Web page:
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John Howard: Moral Midget of the World?

"John Howard's reputation is established as a shrewd politician who keeps a finger on the public pulse and shows his feelings only on immaculate occasions, praising heroes of the sports or battle fields. He appeals to a deflationary streak in the Australian character, which tends to ask, when complex issues of ethics arise: "What's all the fuss about?"

When Pauline Hanson captured the mood of a significant part of the Australian electorate, Howard positioned the Coalition Government as a spoiler, with soft versions of her hard prejudices. Since then the record of cagey political management has lengthened. It is now an axiom of Australian politics that he is an astute interpreter of the Australian public mind.

Yet his behaviour lately on two issues - AWB's improper payments to Saddam Hussein's regime and refugees from Indonesia - raises the question whether his political skills may have more serious consequence for Australia than simply keeping him in office."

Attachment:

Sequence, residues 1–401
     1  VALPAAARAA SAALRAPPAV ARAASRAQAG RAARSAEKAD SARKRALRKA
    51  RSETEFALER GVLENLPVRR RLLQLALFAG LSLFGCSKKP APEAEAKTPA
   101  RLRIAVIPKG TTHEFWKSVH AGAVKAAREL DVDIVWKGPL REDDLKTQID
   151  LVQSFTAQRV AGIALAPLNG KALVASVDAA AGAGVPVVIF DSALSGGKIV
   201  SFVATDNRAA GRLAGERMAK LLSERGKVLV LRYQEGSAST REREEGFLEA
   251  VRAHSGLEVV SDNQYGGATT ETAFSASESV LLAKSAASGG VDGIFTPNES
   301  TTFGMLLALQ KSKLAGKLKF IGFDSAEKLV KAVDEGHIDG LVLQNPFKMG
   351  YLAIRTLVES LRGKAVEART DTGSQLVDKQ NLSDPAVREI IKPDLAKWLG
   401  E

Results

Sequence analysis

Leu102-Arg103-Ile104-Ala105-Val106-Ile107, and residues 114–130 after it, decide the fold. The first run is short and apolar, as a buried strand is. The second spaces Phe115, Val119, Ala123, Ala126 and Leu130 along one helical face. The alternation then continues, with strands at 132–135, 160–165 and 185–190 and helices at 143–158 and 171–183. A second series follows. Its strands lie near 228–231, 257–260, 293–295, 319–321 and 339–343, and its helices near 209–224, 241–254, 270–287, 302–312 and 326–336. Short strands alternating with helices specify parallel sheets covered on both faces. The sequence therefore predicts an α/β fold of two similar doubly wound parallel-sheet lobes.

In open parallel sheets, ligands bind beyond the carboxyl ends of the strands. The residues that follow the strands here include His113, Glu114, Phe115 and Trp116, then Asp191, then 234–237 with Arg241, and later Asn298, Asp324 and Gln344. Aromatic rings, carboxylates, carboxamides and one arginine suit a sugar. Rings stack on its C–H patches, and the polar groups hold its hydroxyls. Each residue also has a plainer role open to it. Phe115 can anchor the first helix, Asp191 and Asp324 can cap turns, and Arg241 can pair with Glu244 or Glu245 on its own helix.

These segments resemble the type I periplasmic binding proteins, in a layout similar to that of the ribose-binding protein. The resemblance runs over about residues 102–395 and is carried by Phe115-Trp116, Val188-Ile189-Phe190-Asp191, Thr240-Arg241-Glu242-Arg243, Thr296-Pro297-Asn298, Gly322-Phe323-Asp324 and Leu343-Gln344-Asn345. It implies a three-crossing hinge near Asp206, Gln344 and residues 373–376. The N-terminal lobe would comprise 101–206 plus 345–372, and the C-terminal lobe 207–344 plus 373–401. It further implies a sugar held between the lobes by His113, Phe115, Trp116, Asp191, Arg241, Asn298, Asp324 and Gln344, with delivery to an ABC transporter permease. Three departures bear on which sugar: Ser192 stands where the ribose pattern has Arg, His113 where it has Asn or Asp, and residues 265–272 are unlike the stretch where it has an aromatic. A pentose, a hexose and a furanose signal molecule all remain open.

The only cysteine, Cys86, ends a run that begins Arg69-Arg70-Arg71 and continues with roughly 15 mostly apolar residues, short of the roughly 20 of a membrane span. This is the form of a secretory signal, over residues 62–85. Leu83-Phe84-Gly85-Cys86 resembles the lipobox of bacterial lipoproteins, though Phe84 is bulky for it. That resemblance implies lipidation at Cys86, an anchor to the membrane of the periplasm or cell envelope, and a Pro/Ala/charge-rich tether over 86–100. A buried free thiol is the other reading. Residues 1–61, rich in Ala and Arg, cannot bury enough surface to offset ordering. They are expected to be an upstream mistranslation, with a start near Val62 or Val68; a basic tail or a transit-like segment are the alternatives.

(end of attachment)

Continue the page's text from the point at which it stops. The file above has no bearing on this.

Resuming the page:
No, these are not the words of some radical. They were written by respected author and former diplomat, Bruce Grant.

Amongst other things Grant says:

"In public debate, the Prime Minister nips and tucks, using words, especially adjectives, carefully so that he can later disown sentiments that he had seemed earlier to be endorsing. As he is neither a blatant bigot nor simple-minded, he does not appear to be lowering standards, whether of competence or morality. He appears, rather, to be trying to be sensible. But the effect is that the issue is allowed to crumble or evaporate in a flurry of self-protective corrections, refinements and denials, as well as complex, bureaucratic outcomes."

Read Grant's thoughtful and thought-provoking article, from The Age [here] and reflect on how John Howard and Co. have changed the face of Australia not necessarily for the better - even if the Government does trumpet how everyone is better off.


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